They are leaning heavily on a re-branding of their greatest hits — more and better-paying jobs, lowering health care costs and cracking down on the what are seen as the abuses of big business.

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Subprime lending is back. We're not talking about homes this time. Automakers and banks have been extending more credit to those with less than perfect credit scores, and that has some worried about a subprime car bubble. Here's NPR's Sonari Glinton.

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Bikes May Have To Talk To Self-Driving Cars For Safety's Sake

Jul 24, 2017

Proponents of self-driving cars say they'll make the world safer, but autonomous vehicles need to predict what bicyclists are going to do. Now researchers say part of the answer is to have bikes feed information to cars.

A few years ago on Google's campus, Nathaniel Fairfield arranged an unusual lunch break.

He asked a bunch of staff to hop on bikes and ride around and around a self-driving car to collect data. "It was kind of gorgeous," he says.

A 5-year-old girl whose sidewalk lemonade stand brought a $195 fine in east London has been invited to set up shop at several markets and festivals, as supporters reach out to her family. The ticket was forgiven; now the girl's father is urging more kids to open their own stands.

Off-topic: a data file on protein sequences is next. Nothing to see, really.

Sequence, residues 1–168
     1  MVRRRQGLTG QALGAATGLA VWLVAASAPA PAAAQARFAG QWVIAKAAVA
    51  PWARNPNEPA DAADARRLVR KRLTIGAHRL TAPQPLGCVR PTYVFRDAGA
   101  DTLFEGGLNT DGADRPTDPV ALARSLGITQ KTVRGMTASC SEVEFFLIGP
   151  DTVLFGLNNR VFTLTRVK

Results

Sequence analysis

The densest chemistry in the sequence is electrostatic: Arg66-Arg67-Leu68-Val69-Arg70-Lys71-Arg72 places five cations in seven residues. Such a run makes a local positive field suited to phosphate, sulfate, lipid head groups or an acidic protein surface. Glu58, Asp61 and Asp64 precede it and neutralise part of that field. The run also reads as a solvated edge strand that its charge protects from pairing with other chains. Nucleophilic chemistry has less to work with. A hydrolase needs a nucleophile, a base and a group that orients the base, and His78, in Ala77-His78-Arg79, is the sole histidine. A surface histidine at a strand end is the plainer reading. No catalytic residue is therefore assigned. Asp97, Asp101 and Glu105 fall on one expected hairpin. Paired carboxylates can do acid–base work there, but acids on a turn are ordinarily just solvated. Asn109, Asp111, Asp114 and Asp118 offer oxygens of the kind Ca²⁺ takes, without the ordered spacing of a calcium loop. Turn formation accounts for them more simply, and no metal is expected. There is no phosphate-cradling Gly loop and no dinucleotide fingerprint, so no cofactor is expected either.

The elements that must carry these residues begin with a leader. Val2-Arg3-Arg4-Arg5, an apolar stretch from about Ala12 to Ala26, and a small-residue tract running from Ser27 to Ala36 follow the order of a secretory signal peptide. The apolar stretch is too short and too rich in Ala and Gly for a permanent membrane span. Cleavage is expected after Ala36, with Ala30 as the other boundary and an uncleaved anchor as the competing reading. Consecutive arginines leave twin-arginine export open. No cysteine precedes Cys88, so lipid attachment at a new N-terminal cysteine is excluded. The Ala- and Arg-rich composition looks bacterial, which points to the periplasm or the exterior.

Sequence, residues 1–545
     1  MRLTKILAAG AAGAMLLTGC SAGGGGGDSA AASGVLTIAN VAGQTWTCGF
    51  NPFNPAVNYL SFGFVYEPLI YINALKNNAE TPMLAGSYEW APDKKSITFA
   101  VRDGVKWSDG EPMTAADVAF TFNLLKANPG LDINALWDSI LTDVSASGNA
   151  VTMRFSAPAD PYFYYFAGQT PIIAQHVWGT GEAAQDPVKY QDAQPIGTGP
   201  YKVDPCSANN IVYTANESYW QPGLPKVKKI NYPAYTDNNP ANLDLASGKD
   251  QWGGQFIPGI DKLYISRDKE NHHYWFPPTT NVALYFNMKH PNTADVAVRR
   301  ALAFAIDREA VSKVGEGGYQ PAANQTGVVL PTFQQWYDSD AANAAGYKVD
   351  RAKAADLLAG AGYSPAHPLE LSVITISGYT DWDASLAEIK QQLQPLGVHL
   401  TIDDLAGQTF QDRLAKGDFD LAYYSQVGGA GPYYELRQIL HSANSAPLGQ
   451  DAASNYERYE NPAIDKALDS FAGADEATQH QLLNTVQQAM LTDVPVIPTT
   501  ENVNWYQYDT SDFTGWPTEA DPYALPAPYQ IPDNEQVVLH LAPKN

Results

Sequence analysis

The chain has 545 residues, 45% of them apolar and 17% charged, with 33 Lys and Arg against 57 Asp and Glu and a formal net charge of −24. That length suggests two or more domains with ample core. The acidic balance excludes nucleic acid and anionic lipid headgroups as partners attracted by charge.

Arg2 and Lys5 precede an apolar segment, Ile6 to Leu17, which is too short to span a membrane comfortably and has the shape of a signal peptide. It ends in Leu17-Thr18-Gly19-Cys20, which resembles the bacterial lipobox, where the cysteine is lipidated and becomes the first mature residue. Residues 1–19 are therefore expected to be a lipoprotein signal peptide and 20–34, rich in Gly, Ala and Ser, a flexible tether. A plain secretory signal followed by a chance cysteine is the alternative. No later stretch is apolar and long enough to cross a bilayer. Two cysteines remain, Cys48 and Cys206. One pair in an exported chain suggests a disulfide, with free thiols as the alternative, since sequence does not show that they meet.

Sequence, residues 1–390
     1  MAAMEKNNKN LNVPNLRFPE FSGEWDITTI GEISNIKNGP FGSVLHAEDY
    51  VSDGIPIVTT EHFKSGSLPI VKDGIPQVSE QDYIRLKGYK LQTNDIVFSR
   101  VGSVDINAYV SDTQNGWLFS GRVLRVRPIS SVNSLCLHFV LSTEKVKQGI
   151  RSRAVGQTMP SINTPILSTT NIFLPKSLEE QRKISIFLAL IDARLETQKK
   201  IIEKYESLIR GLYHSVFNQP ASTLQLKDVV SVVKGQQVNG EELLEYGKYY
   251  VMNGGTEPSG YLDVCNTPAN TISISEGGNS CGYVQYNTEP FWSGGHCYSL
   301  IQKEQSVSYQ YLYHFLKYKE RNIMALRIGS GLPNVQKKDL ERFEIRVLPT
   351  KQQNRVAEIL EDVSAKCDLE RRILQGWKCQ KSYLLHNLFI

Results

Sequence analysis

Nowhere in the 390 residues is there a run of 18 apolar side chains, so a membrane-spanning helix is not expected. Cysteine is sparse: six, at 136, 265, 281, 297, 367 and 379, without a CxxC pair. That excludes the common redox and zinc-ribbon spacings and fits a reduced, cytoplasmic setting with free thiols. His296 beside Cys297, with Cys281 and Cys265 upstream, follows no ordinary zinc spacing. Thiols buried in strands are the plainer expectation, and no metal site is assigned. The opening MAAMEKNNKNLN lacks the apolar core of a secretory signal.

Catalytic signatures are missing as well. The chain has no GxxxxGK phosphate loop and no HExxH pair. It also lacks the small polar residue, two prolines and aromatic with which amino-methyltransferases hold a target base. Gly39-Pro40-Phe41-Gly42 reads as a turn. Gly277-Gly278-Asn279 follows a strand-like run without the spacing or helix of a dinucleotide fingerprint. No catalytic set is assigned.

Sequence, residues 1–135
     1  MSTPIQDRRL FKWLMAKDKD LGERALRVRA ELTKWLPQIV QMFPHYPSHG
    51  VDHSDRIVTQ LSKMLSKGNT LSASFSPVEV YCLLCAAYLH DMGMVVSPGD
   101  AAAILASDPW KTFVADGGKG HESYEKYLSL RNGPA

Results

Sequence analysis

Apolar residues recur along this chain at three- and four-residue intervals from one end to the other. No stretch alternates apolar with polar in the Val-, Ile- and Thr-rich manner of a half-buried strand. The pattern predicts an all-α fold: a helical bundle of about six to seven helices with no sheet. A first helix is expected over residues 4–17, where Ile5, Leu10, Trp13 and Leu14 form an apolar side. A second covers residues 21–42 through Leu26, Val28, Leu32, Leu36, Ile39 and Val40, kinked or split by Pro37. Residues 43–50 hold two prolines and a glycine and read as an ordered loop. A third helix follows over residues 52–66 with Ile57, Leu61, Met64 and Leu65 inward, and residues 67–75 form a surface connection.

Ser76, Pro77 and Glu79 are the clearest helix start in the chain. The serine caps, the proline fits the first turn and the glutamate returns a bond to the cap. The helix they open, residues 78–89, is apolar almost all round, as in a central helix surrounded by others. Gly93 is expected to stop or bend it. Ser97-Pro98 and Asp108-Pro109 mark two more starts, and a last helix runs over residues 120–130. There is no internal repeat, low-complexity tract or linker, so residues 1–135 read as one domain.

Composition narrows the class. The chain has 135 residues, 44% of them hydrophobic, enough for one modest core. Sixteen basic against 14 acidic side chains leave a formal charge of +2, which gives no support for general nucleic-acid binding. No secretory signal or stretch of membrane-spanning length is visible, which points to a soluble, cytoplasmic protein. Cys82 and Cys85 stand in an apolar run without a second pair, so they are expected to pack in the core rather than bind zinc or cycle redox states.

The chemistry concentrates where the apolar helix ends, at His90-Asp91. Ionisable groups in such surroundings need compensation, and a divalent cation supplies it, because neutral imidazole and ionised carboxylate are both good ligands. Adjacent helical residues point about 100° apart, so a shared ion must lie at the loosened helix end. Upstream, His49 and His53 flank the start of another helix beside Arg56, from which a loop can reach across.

Jada Pinkett Smith On 'Girls Trip'

Jul 23, 2017

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One of the biggest fishing magnates in the country could be sentenced to prison this coming week, and the forfeiture of his boats could be a big hit for the Massachusetts port where he amassed a small empire.

Between his scalloping and groundfishing boats, Carlos Rafael – nicknamed "the Codfather" — came to be the largest single owner of fishing vessels in New England, and possibly in the country.